Britain's May in tough talks on forging governing alliance


In a tweet, Verhofstadt said the "current uncertainty can not continue" after the UK's June 8 general election resulted in a hung parliament and left Prime Minister Theresa May scrambling to form a minority government propped up by the Democratic Unionist Party (DUP).

Northern Ireland's largest nationalist party Sinn Fein said it would oppose any deal that undermines a peace deal known as the Good Friday Agreement, with President Gerry Adams telling Britain: "We want to govern ourselves".

"I got us into this mess, and I'm going to get us out", May told Conservatives MPs during the meeting in Westminster.

Like her predecessor, British Prime Minister Theresa May gambled on a vote and it backfired spectacularly, resulting in significant destabilization to her personal position, her Conservative party and her country.

DUP leader Arlene Foster said there had been "positive engagement" so far. "Going overseas and being seen to be the prime minister and talking to the president of a classic move to shore up authority at home", said Colin Talbot, professor of government at the University of Manchester.

But a deal with the DUP also risks destabilizing Northern Ireland by increasing the influence of pro-British unionists.

The reaction by Labour MPs is in stark contrast to the tribulations being endured by Theresa May, who is scrabbling to secure a deal with the DUP to enable her to form a minority Conservative Government.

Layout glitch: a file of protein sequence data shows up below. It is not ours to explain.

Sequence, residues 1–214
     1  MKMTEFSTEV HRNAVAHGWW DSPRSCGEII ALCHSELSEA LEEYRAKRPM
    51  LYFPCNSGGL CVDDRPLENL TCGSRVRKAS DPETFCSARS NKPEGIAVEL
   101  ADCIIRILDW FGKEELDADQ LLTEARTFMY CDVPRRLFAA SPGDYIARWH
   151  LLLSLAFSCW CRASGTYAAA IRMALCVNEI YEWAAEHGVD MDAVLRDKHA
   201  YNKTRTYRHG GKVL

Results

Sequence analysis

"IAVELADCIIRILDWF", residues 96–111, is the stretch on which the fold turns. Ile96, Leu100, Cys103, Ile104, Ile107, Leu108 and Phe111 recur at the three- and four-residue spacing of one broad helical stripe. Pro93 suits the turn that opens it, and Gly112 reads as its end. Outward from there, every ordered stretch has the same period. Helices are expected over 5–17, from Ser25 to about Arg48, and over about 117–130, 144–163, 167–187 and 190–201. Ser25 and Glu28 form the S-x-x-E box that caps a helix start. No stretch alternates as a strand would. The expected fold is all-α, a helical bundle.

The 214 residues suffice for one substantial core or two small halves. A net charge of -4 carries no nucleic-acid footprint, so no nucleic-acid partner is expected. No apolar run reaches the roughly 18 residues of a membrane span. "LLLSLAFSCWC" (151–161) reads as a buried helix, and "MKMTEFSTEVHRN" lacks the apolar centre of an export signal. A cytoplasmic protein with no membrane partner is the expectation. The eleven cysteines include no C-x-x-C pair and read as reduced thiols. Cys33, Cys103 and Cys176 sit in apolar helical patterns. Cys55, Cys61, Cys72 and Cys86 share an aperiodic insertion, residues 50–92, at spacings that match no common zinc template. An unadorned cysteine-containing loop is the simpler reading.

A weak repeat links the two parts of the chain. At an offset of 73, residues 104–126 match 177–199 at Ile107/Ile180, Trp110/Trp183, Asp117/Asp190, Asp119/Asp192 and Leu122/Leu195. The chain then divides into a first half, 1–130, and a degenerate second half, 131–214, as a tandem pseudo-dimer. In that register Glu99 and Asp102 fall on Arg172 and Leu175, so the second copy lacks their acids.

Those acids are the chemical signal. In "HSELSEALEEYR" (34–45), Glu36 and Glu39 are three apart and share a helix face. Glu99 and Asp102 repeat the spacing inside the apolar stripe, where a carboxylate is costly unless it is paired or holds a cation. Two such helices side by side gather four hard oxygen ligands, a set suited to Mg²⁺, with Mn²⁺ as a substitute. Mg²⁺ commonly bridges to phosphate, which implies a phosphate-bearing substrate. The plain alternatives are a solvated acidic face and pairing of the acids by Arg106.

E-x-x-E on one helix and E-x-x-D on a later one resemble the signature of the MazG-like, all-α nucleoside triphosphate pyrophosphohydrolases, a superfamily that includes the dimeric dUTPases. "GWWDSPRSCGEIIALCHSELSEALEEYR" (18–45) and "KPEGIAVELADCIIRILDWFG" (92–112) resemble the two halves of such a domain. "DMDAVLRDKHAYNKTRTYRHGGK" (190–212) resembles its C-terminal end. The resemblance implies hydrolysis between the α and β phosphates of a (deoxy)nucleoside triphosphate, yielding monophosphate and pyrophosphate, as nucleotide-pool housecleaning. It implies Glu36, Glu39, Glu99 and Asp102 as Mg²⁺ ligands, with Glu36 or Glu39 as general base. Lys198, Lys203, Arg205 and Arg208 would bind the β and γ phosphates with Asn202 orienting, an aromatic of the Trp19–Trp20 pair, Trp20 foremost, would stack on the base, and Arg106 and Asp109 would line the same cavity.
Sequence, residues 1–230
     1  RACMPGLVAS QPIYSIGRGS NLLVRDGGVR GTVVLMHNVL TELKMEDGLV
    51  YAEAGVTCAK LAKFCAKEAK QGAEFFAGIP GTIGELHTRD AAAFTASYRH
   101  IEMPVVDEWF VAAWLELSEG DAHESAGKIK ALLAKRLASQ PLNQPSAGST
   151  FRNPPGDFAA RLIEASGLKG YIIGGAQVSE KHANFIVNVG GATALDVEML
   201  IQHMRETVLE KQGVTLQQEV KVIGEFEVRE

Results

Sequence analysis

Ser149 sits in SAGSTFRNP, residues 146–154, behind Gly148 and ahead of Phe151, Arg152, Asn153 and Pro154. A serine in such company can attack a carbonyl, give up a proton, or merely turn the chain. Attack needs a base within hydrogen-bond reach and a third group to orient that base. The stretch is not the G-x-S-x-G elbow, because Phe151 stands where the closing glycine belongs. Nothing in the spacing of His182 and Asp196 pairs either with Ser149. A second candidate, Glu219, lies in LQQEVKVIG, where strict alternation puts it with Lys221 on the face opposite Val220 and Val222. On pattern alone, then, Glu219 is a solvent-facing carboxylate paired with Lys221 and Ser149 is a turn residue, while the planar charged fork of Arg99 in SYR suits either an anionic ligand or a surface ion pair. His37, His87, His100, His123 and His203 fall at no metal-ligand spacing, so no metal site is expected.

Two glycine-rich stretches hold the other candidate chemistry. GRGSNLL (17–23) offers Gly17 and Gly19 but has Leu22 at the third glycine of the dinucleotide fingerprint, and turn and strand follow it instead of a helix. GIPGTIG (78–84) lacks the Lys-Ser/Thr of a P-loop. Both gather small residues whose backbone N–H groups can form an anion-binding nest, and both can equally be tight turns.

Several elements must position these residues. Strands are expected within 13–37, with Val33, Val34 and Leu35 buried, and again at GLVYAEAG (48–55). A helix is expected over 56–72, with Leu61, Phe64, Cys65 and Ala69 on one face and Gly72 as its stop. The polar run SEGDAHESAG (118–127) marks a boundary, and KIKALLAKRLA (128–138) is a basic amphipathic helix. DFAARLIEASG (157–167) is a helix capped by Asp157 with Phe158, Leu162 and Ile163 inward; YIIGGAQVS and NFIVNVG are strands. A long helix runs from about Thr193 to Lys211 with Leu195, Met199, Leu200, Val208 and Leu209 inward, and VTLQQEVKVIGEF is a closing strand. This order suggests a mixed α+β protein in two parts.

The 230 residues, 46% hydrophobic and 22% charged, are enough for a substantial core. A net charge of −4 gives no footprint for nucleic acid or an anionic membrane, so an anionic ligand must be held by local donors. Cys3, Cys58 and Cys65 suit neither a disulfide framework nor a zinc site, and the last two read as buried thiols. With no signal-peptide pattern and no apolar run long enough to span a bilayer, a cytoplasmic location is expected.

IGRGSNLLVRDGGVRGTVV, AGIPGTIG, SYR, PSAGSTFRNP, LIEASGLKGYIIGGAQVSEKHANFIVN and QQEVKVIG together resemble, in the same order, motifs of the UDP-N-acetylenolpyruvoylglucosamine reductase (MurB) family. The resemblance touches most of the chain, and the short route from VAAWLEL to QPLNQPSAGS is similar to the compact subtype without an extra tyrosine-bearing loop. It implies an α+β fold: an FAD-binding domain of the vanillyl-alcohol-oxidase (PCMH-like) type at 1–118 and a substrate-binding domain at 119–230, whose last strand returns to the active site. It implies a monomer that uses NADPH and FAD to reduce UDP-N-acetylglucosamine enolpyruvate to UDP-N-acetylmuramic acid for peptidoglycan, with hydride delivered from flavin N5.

London's neutrality is key to the delicate balance of power in Northern Ireland, which was once plagued by violence over Britain's control of the province.

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Whatever her ultimate plan, she will be heavily reliant upon the 10 lawmakers from the eurosceptic DUP, who would help her edge past the 326 votes needed in parliament to avoid the government collapsing.

The government will in all likelihood be able to get its now to-be-delayed Queen's Speech (the details of the laws it hopes to pass, which will be announced by the government) through the House of Commons, with the backing of the DUP, with which it is in the midst of agreeing a "confidence and supply" agreement.

Former Prime Minister David Cameron said May needed to listen to rival political parties, and that there would be pressure for a softer Brexit.

Instead she finds herself weakened and isolated as she meets Macron, a 39-year-old neophyte who rode to victory in last month's presidential elections and is on course for a landslide victory in France's legislature.

For that to happen, first and foremost, if she is still prime minister, May must change her rigid, inflexible and authoritarian leadership style, and especially her fatuous "no deal is better than a bad deal" stance.

The European Parliament's Brexit coordinator, Guy Verhofstadt, struck a harsher tone: Britain, he said, could change its mind, but it would be poorer.

A lackluster campaign saw her high approval rating slip away, and support for her "hard Brexit" strategy - pulling out of the European single market and customs union - now hangs in the balance.

He also pointed out that three months after Article 50 had been triggered, formal discussions had yet to start.

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